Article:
The 'Global' in Global Entrepreneurship Week
Jonathan Ortmans, President, Public Forum Institute
In two weeks, Global
Entrepreneurship Week kicks off with more than 40,000 events spread out over
a seven day period in 123 countries. At competitions like Startup Open for the
most promising new startups in 60 countries, to tournaments for cleantech ideas,
at stadiums where entrepreneurship will meet music and sports, from heads of
state to high school competitions, Global Entrepreneurship Week has become a
movement for the next generation of startups and entrepreneurs inspired by the
possibility of human endeavor for the benefit of all.
Why do nearly 10 million people across the globe turn up at these events with
millions more engaging on-line?
From a practical perspective for the curious individual, Global
Entrepreneurship Week offers a chance to look inside ourselves and “try it out”
risk-free. While some activities may have more drama and fun than others, the
most you can lose is a little of your time. It offers citizens across the globe
a chance to learn that new firm formation is a team sport enabled by informal
networking--and provides them with an opportunity to meet potential
collaborators, mentors and even investors. It offers us the chance to explore
whether at some point in our career, we too might give birth to an idea and
perhaps even make a job for someone else. It gives everyone a glimpse of
themselves controlling their destiny and being a little closer to achieving that
common human desire to do well and good in the world.
Another vital reason Global Entrepreneurship Week is so widespread has been
the encouragement from so many of each nation’s respected governmental, cultural
and educational institutions. Some new countries to GEW this year, like
Ethiopia, have already joined the ranks of the nations with their Head of State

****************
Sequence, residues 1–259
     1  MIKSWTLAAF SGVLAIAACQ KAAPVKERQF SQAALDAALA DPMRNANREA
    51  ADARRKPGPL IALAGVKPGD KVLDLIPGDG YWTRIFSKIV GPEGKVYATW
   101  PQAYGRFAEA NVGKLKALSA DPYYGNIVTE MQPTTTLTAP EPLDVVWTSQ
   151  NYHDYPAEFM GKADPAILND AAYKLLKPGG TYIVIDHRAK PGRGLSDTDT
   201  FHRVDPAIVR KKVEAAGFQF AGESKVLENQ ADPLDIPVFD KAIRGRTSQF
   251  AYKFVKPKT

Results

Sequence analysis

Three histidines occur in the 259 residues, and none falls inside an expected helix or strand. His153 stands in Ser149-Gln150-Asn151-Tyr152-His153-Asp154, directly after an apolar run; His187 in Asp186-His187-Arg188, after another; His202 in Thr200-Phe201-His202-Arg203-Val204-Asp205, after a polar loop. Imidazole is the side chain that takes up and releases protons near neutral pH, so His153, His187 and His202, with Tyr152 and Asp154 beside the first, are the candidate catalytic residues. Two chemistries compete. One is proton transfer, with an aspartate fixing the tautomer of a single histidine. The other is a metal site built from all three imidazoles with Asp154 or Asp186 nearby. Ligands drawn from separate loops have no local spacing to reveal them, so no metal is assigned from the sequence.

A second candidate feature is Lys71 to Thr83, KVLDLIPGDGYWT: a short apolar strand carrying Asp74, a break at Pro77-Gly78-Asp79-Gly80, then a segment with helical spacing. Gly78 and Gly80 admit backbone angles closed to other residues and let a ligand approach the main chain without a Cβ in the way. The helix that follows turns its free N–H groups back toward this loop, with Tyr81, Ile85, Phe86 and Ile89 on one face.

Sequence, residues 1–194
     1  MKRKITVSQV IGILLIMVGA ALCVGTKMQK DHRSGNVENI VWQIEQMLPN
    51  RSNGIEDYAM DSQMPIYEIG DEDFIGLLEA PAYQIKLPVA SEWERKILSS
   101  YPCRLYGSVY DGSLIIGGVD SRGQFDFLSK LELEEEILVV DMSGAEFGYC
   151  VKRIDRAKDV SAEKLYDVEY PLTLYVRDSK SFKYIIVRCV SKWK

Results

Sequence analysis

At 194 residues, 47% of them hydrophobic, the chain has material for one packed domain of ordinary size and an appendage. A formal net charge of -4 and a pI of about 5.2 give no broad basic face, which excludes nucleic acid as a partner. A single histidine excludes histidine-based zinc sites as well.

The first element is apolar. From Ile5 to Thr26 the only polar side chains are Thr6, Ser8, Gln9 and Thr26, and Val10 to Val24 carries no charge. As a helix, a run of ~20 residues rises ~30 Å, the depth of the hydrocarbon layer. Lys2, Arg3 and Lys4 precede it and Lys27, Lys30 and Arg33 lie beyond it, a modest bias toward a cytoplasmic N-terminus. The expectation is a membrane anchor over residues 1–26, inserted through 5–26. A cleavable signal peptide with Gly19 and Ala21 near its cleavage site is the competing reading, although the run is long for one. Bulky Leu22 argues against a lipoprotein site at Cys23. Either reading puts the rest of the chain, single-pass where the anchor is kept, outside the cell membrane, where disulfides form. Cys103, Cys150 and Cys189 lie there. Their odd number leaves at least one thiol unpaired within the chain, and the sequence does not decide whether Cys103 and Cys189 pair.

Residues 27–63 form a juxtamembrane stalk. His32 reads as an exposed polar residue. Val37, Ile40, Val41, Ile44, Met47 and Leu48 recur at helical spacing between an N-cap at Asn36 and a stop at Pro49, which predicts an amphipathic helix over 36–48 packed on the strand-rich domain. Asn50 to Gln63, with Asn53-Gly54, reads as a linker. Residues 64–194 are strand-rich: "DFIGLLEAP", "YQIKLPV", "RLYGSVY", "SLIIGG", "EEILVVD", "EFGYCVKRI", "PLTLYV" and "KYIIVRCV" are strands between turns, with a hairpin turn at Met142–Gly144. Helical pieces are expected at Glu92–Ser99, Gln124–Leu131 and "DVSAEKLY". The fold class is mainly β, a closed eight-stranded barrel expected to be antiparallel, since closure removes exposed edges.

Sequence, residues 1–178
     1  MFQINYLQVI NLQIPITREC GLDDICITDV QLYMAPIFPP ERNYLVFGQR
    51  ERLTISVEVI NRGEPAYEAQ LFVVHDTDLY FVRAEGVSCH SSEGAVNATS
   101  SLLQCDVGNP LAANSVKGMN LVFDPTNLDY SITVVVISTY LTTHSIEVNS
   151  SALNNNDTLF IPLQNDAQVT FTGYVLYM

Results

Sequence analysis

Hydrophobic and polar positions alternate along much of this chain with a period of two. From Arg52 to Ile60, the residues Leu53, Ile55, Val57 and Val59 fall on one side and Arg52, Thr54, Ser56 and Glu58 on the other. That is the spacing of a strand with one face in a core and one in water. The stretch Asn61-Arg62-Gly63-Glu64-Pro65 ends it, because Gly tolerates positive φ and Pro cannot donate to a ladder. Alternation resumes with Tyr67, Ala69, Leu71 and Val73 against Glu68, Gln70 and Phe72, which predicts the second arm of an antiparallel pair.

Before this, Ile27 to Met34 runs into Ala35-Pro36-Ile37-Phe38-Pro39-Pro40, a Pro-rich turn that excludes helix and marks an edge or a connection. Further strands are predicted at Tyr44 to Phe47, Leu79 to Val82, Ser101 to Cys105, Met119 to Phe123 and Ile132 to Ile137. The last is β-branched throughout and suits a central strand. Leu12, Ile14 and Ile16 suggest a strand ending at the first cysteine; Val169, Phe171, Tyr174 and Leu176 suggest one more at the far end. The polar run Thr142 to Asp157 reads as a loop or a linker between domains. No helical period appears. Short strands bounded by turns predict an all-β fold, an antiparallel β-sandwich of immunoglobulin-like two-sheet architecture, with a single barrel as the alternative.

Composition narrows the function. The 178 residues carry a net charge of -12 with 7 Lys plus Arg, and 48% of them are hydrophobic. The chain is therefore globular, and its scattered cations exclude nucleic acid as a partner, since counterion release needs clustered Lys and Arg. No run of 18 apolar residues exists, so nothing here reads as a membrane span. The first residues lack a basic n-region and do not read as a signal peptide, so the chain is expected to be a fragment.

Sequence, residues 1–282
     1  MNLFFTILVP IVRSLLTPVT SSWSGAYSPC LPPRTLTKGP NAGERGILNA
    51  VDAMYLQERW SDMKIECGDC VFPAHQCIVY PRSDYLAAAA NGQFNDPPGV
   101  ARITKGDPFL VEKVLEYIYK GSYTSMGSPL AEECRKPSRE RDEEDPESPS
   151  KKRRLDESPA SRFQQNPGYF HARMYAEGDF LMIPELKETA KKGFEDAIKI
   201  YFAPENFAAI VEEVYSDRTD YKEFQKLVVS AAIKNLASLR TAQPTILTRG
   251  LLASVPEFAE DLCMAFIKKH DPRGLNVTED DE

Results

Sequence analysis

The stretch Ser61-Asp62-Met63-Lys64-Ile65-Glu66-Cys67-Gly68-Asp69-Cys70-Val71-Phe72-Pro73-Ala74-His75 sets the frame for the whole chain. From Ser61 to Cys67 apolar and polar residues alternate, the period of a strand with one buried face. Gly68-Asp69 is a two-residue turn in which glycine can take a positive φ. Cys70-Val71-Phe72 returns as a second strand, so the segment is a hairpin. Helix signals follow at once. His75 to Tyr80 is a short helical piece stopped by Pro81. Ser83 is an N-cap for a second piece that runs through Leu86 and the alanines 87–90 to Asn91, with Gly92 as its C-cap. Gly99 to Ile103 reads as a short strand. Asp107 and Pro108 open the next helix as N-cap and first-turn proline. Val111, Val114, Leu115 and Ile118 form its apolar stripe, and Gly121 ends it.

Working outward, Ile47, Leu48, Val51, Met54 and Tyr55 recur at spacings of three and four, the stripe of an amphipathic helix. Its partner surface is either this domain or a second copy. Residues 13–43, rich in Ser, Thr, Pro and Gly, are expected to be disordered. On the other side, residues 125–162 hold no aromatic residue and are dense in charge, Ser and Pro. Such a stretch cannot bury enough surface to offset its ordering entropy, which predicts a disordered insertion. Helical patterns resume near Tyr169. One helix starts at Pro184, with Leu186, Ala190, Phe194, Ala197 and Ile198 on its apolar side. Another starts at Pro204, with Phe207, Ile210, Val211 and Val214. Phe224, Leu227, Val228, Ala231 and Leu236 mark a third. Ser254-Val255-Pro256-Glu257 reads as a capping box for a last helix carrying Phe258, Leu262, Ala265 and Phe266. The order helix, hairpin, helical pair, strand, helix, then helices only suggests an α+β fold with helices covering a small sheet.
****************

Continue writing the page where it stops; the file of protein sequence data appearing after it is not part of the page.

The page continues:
at the pulpit. These leaders see that not only are young firms the source of
most new jobs, they also keep older firms vibrant and provide the greatest
promise for innovating our way through the world’s toughest challenges. They are
not only the greatest source of new wealth for our economies, but since all
boats rise on an incoming tide, they offer our greatest hope in the worldwide
quest for poverty reduction.
Above all, what excites me about Global Entrepreneurship Week is how it has
become truly global. While we know innovation itself is blind to national
borders, Global Entrepreneurship Week is showing us that the innovators too seem
to have more in common with each other than their own elders. They now form a
gloriously messy cacophony of informal startup networks fueled by the challenges
of a less predictable and more decentralized world.
The world needs Global Entrepreneurship Week, because, despite all the recent
startup fever, the planet still needs more entrepreneurs. I hope everyone who
follows this blog will check their calendars for the week of November 14 - 20
and wherever you are planning to be in the world that week, find a GEW event or
activity and encourage someone else to join you.
To find out more about the global movement, see
unleashingideas.org or to find something specific to do in the United
gewusa.org. If you have any trouble, post a comment on this blog and we
will help you.
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